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Friday, October 16, 2015

Cobblestones Museum

It was a matter of getting up bright and early, climb into the car and head off over the Rimutaka Hill to the Wairarapa on Wednesday.  No mean feat as it was a 2 hour drive  each way.  Les was in charge of the day, and as well as organising a day out with our SLG friends, we were helping him celebrate one of those BIG Birthdays.  At the grand old age of 80, Les is still active and sprightly!  We had a lunch booking in a local cafe at Greytown, and during a break in the noisy conversation, Les was presented with a little token of our esteem for his birthday.

PA140017 Happy 80th Birthday to Les

After lunch Les had arranged a visit to the nearby Cobblestones Early Settlers Village, which had  received quite a big upgrade since we were last there.  It now sports a brand new museum building, with a reception and retail area. 

PA140019 Cobblestones Museum

The large exhibition area allows for larger parts of the collection to be showcased easily and under cover.  One of the volunteers was our guide for our visit and took our group around the facility.  It was interesting to see two waka (canoes) hollowed out from totara logs on display under an old photo showing one of them in use.  These were used by the Maori people to navigate rivers and lakes in South Wairarapa prior to the road and bridge building that came with European settlement.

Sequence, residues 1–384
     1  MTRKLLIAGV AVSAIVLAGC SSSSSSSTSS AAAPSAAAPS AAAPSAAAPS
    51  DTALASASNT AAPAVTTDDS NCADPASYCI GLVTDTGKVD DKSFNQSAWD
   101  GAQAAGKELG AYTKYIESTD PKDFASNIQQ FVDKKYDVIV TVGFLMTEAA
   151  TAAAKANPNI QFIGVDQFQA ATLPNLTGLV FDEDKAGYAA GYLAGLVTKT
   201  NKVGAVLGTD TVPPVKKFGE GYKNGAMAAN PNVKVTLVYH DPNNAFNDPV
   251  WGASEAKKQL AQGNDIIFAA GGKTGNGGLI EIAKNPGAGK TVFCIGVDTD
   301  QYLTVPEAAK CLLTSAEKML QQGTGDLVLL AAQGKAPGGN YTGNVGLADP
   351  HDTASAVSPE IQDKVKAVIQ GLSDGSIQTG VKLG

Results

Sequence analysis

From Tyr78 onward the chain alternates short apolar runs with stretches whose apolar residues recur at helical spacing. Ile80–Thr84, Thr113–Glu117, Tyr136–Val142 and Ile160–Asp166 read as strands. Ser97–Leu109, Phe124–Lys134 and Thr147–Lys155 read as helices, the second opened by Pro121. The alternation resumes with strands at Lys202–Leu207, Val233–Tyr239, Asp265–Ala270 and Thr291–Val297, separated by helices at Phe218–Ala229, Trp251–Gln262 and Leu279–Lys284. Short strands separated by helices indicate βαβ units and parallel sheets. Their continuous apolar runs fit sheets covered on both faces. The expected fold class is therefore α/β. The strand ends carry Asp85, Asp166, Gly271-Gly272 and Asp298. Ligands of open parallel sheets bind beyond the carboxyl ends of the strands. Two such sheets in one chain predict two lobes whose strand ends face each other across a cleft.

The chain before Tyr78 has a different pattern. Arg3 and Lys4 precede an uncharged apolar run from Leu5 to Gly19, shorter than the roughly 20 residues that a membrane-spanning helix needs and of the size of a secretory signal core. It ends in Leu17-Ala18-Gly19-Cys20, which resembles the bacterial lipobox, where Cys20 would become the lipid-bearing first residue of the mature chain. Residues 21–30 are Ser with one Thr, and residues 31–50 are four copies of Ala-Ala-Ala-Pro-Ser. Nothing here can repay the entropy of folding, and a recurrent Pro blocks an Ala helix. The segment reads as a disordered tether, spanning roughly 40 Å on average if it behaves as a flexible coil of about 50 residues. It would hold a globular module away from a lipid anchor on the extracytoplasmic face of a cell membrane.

PA140028 Two totara waka

After a good look around the museum building, we were let loose outside to explore the large two acre grounds dotted with 20 or so vintage buildings.  Such as a school, cottage hospital, church, fire station, forge, colonial cottage, stables and a woolshed, all giving a glimpse into life from earlier years. 

PA140043 Beautiful grounds behind the museum

PA140037Inside Greytown’s first Methodist Church, erected in 1865

We wandered through the small cottage hospital, peering into the different rooms packed full of all sorts of vintage medical equipment.

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First Public Hospital erected in the Wairarapa in 1875

Wonder what it was like to travel on the “Pride of the Valley?”  This coach was built in 1906 in Martinborough and travelled twice daily between Martinborough to Featherston.  We were told it could carry 12 passengers.   I suspect it looks more glamorous than it really was, imagine all that creaking, jerking and jostling around as the coach travelled along stony roads.

PA140044 Pride of the Valley coach.

Hastwell Stable building was erected in 1857.  This is the last of several stables and a blacksmith shop that were erected on this site to service William Hastwell’s coach and mail service.  The site was also used as an overnight stop for the Cobb and Co Wellington to Wairarapa coach service which ran until the railway line opened in 1880.

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Hastwell Stable

There was such a lot to see that I’m sure we didn’t do it justice, but it was fascinating to look around the complex.  The beautiful grounds are a credit to the volunteer staff, and it would be lovely to partake of a picnic lunch there sitting  in the sunshine at one of the picnic tables dotted around.  Our day finished with afternoon tea back at Les and Anne’s home, enjoying a slice of his delicious rich fruit birthday cake, baked especially for Les by one of his friends to celebrate his birthday.   Thanks Les, for a great day. 

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